But before you let that deter you, Tim followed up this advice, offering a silver lining: “It’s part of the job, but again if you’re solving real problems for people, you’ll find that it’s really easy. If you believe in your mission, fundraising gets a lot easier.”

Rule #5 – Surround Yourself with Critics

Tim offered a word of caution during the interview, specifically addressing CEOs tempted to surround themselves with yes men and women. “You do have to be careful. I do worry, especially in this environment, that if your plan is all just momentum at all costs and your real underlying economics aren’t there, you could get caught flat-footed.”

He gave a firsthand example: “I saw this happen with companies [that] we would take public— that it was all momentum—which is good while it lasts, and the moment that reverses, any weakness in your business model all of a sudden could be the end of it. But it’s hard to do when everybody’s flattering you, and you’re raising a lot of money.”

Tim elaborated on why he feels keeping critical minds around you is essential. “I want people around me, advisors and board members that are still being critical and objective and challenging, not just popping champagne all the time but saying, ‘Are we sure that really works? Are we sure that customers are going to keep paying us? Are we sure we’re going to get those margins we thought we were?’ So, it’s more art than science probably, but I think the first step is just being aware of it [and asking yourself] is the value proposition, execution, and growth of the business matching up with the myth and the mystique of the business when things are great?”

Rule #6 – Use Zoom as a Tool

Tim also unveiled during his interview his affinity for Zoom. He explained how he has seen the technology operate as a super resource of sorts firsthand: “One of our CEOS, who by default basically records everything—all their meetings, internal and external—[will often] share them with me or with the board to say, ‘What do you think?’” Tim shared.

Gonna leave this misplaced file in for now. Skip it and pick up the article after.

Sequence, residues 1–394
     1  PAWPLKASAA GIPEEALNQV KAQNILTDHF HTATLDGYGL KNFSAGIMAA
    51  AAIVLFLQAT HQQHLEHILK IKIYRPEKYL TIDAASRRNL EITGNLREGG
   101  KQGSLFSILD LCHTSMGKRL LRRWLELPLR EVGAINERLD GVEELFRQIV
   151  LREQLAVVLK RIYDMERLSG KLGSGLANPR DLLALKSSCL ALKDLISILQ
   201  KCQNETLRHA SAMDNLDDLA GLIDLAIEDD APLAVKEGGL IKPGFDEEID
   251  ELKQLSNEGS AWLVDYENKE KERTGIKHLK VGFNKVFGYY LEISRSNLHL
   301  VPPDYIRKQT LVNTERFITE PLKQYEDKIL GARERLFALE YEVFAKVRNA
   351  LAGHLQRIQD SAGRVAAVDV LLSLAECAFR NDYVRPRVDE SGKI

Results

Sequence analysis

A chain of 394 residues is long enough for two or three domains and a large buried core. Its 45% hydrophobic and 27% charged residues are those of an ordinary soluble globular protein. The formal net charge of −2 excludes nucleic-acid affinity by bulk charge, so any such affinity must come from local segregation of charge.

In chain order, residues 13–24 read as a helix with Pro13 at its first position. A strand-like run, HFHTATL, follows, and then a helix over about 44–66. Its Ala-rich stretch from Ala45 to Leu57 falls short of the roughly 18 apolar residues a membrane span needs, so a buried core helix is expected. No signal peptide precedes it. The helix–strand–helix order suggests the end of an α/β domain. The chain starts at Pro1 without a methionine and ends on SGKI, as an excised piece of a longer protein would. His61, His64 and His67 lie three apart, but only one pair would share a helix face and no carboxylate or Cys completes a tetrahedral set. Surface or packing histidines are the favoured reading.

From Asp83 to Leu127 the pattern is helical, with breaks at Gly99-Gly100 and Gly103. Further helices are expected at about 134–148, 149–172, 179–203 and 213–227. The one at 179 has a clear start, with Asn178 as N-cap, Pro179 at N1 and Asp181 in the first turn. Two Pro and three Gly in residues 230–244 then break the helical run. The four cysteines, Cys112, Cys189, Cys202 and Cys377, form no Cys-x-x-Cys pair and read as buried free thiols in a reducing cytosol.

This opened Tim’s eyes to how effective Zoom could be when used as a tool for instruction. “I was like, ‘Wow, I never really thought of using this as a coaching tool, but it’s super effective for it!’ You can really say, ‘Hey, did you notice in that meeting you kind of had this burr in your bonnet and you were really pushing for this and that, and I could see somebody over there squirming that clearly had an opinion, but you never really asked them for it and you just kind of steamrolled them.’ [To which they might reply] ‘Oh my gosh, did I? I didn’t notice!’ That could be super helpful to somebody.”

Rule #7 – Trying to Transplant Silicon Valley Elsewhere Doesn’t Work

It’s the basic bloom where you are planted mentality. Tim is blazing a trail to prove that it is possible, especially when finding skilled talent is no longer limited to a certain zip code. Keeping an open mind and seeking out experts—wherever they can be found—unleashes so much potential for diversification, and yes, innovation.

According to Tim, “At the end of the day, investing and venture investing, in particular, is about finding the market leaders—not the number two or number three—you’re trying to find the market leader, the one that’s going to be the market leader.” And that leader doesn’t have to be in Silicon Valley.

Rule #8- If You Have Three to Five OKRs, One of Them Should Be about Your Culture and Your People

Tim provided a final lesson by pointing how the extreme importance of picking the right people. “I always say my bookshelves are filled with leadership and psychology books, not technology books. The technology stuff is kind of easy. It’s people [that make or break your company and culture].”

There is much more to learn from Tim—which we did in this two-part series—to ensure that you don’t miss out on all of the insightful info, head over to listen to both parts of this series here.